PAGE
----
Gene signatures obtained from tumor that are derived from common oncogenic pathways can be used to risk-stratify patients to provide individualized care. Despite genomic instability driving intertumoral heterogeneity, solid malignancies do share two common characteristics. Solid tumors are often hypoxic due to aberrant vasculature resulting in metabolic shifts towards aerobic glycolysis known as the Warburg effect [3, 4]. Tumor hypoxia is associated with metastases and aggressive phenotypes that influence clinical outcomes [5, 6]. Additionally, within tumor cells one can find lymphocytes termed tumor-infiltrating lymphocytes. These can affect patient prognosis in multiple cancers [7, 8]. A subset of lymphocytic infiltrates known as the FoxP3+ regulatory T cells (Tregs) function to suppress cytotoxic T cells activity to maintain tumor tolerance. Increases in Tregs contributes to unfavorable prognosis in multiple solid tumors . Importantly, infiltrating Tregs within the tumor milieu can be affected by hypoxia where the latter facilitates Tregs recruitment to promote angiogenesis and maintain growth . Another category of T cells known as the cytotoxic CD8+ T cells are required to kill cancer cells. But they can be made ineffective by Tregs or be rendered dysfunctional when exhausted . Together, accumulation of Tregs and exhausted CD8+ T cells further exacerbate the immunosuppressive functions in solid tumors.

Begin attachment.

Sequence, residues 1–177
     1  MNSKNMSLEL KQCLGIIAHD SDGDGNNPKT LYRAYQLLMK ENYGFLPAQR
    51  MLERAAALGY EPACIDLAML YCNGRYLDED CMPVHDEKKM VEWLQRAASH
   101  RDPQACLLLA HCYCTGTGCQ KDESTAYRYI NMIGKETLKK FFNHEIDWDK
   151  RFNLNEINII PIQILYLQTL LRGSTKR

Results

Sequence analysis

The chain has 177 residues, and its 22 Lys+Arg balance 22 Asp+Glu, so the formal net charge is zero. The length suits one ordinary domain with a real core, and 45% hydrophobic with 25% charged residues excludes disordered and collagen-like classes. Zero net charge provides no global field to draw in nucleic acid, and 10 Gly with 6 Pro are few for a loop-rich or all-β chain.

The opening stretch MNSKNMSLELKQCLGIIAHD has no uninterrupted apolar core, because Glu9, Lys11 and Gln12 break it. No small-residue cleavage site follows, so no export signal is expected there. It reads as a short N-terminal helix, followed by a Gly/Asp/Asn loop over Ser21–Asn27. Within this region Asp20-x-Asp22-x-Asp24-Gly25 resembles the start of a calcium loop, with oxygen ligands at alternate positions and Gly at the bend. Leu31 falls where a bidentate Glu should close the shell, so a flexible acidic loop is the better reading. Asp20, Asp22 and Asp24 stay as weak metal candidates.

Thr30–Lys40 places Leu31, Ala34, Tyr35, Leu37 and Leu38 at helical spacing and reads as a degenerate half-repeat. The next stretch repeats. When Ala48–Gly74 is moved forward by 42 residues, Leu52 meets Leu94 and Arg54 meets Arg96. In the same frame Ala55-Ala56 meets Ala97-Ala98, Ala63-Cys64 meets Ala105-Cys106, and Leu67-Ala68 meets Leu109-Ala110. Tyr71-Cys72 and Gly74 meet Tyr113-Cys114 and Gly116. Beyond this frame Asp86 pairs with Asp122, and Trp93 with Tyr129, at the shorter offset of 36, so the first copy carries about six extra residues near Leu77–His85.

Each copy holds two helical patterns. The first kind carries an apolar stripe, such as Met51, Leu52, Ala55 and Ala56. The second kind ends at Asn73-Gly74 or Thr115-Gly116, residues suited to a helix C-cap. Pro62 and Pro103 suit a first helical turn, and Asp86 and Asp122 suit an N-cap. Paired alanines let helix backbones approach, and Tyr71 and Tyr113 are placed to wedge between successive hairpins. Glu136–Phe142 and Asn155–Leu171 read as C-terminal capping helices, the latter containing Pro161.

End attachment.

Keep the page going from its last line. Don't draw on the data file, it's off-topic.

By taking advantage of the intricate link between hypoxia and Treg infiltration in solid malignancies, we systematically developed two prognostic gene signatures for risk stratification. Both signatures can accurately predict high-risk patients as confirmed by multi-cohort validations in six cancer types to support their validity and immediate clinical application.